The Charleston County Greenbelt Programs began in 2004 when voters passed a one-half penny sales tax to fund roads, mass transit and greenbelts. Citizens were concerned that the new roads would promote growth that could impact the natural beauty of Charleston County. Of the $1.3 billion dollars that is expected to be collected during the 25-year life of the 2004 sales tax, $221 million was set-aside for greenbelts.

Charleston County Council appointed a 14-member Greenbelt Advisory Board to craft a plan on how these Greenbelt funds were to be spent. After 10 months of gathering extensive public input, conducting a greenspace inventory, and determining the future greenspace needs of the County, the Comprehensive Greenbelt Plan was finalized and approved unanimously by County Council in June 2006 and then incorporated into the County's Comprehensive Land Use Plan in January 2007.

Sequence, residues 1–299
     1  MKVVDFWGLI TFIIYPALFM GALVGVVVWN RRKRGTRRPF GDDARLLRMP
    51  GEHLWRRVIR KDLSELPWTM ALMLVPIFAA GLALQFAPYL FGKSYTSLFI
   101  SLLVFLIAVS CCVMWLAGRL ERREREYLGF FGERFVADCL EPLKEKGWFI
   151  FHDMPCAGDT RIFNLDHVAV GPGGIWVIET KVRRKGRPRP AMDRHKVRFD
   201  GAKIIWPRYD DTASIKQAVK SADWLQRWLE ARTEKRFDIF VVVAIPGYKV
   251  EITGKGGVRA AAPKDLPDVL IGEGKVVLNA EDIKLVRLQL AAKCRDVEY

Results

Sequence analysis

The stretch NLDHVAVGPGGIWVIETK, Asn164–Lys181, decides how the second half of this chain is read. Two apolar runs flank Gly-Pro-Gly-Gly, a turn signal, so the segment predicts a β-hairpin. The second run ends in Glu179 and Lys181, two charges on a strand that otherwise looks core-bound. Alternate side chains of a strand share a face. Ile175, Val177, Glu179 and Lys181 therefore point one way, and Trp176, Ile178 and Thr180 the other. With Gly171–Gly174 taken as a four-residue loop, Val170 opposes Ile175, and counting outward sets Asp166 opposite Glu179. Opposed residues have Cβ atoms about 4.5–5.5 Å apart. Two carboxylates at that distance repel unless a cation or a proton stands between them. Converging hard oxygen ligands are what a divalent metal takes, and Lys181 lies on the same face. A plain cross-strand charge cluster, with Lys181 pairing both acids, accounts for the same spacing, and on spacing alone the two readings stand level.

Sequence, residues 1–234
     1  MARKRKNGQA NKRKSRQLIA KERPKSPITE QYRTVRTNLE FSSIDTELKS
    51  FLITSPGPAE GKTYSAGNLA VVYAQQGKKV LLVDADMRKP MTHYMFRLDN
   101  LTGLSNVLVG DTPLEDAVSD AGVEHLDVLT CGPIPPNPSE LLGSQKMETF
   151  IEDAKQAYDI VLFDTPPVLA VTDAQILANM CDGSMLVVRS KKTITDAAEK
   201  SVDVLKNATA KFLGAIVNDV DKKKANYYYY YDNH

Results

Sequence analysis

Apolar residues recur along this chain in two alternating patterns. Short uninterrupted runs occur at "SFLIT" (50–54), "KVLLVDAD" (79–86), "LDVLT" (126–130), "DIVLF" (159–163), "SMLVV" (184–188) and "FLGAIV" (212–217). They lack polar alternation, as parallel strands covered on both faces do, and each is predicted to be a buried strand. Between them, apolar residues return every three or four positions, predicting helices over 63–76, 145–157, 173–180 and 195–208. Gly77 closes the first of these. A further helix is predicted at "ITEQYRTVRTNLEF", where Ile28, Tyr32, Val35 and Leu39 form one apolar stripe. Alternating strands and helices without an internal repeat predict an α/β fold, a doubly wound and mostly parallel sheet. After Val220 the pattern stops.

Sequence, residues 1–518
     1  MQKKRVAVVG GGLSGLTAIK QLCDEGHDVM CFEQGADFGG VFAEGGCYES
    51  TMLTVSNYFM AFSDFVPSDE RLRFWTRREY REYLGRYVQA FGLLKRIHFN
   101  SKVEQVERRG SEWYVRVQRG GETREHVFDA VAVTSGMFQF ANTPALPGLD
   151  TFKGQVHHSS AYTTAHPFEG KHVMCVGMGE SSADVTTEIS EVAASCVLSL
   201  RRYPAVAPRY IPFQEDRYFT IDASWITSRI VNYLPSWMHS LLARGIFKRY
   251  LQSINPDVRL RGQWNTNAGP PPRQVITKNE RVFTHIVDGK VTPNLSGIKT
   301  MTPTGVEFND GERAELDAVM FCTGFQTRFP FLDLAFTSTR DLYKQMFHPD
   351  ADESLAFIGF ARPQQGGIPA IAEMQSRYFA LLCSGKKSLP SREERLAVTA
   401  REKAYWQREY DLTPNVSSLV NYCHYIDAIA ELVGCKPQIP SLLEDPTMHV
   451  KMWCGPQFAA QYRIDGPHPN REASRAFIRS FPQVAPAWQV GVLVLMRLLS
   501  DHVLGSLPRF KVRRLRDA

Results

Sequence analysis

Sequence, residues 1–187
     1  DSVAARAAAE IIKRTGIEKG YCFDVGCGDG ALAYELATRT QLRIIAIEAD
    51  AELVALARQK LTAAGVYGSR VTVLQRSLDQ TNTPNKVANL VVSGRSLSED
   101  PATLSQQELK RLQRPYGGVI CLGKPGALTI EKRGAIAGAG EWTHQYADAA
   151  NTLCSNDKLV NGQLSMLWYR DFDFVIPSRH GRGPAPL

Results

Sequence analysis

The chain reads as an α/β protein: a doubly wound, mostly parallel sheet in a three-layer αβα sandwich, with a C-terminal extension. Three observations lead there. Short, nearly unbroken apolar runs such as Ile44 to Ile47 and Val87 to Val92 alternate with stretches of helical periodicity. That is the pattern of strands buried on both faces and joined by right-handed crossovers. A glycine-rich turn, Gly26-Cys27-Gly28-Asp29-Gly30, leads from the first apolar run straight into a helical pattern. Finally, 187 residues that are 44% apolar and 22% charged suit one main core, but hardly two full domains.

At the time the Greenbelt Plan was created, 160,000 acres had already been protected in Charleston County. It was determined that at a minimum of 200,000 acres of greenspace was needed in order to meet the anticipated future population of the County. The Greenbelt Plan set a goal to protect the additional 40,000 acres needed to meet the goal.

With funding from the 2004 sales tax, the Greenbelt Program has protected over 21,000 acres of land, to date. Over 9,300 acres were purchased for future public parks and greenspaces.

Funds from the first sales tax have been virtually exhausted. In 2016 Charleston County citizens approved a second one-half penny sales tax for roads, mass transit and greenbelts. This 25-year tax will provide an additional $210 million for the Greenbelt Programs.

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